Understanding Climate Change

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BBC Science — The average temperature of the Earth’s surface has increased by about 0.85°C (1.4F) in the last 100 years. Thirteen of the 14 warmest years were recorded in the 21st Century, with 2015 on course to set another record.

Scientists believe that gases released from industry and agriculture (known as emissions) are adding to the natural greenhouse effect, the way the Earth’s atmosphere traps some of the energy from the Sun.

Human activities such as burning fossil fuels like coal, oil and natural gas are increasing the amount of carbon dioxide (CO2), the main greenhouse gas responsible for global warming. Carbon-absorbing forests are also being cut down.

The concentration of CO2 in the atmosphere is now higher than at any time in the last 800,000 years and reached a record high in May this year.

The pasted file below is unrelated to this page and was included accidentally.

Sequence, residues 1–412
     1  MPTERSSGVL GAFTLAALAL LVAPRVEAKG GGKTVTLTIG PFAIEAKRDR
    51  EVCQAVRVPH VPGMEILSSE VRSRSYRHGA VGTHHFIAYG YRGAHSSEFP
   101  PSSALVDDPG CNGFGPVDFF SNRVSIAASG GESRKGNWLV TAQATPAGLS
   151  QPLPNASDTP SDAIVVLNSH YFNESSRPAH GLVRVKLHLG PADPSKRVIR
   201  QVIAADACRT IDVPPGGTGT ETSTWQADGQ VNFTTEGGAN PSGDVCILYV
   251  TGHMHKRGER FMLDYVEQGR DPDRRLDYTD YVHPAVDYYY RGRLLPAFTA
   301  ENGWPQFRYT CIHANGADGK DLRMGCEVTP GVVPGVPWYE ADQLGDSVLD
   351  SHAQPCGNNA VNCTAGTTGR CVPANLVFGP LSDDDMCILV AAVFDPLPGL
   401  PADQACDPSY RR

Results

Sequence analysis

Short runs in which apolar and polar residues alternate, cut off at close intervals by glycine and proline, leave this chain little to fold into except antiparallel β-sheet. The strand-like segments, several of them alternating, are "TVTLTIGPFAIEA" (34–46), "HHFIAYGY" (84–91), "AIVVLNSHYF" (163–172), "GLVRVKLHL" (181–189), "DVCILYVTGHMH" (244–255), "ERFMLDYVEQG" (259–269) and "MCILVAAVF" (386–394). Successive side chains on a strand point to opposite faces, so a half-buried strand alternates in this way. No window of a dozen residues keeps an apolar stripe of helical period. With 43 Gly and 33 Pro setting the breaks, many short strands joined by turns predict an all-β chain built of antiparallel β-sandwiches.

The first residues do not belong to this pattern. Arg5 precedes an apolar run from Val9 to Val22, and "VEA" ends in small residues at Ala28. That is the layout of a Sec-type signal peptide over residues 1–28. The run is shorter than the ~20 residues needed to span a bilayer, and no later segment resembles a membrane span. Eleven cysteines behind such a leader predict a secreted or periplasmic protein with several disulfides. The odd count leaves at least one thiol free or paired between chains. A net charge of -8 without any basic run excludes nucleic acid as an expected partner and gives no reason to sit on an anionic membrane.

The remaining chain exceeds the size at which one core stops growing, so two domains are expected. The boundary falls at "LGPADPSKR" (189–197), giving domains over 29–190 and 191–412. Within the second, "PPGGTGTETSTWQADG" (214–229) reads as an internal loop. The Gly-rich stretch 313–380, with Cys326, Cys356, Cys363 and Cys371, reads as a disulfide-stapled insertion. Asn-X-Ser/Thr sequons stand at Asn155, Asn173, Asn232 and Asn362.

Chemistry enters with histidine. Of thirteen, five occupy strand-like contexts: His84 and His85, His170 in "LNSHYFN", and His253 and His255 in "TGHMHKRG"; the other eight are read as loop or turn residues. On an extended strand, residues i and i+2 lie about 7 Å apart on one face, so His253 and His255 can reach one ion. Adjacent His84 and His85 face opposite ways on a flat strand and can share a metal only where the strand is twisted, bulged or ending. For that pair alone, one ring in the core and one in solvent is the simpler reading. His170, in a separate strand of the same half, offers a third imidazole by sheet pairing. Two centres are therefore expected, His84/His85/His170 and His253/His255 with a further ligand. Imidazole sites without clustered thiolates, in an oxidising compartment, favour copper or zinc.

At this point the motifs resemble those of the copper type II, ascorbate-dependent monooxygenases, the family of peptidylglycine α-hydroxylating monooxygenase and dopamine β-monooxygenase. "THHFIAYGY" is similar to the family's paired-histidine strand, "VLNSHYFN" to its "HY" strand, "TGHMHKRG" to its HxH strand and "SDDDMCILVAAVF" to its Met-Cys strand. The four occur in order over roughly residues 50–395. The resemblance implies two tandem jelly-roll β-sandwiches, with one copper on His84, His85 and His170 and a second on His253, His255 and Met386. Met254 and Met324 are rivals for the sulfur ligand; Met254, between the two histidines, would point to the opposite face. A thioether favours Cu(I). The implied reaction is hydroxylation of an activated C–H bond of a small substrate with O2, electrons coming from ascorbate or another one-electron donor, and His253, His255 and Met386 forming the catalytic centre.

Higher temperatures, extreme weather events and higher sea levels are all linked to a warming climate and could have a drastic effect on the world’s regions.

Since 1900, sea levels have risen by on average about 19cm globally. The rate of sea-level rise has accelerated in recent decades, placing a number of islands and low-lying countries at risk.

The retreat of polar ice sheets is an important contributor to this rise.

Arctic sea ice is also shrinking because of higher temperatures, though it makes little contribution to raised sea levels.

An area of sea ice roughly 10 times the size of the UK has been lost when the current day is compared with average levels from the early 1980s. (12/09/2015)

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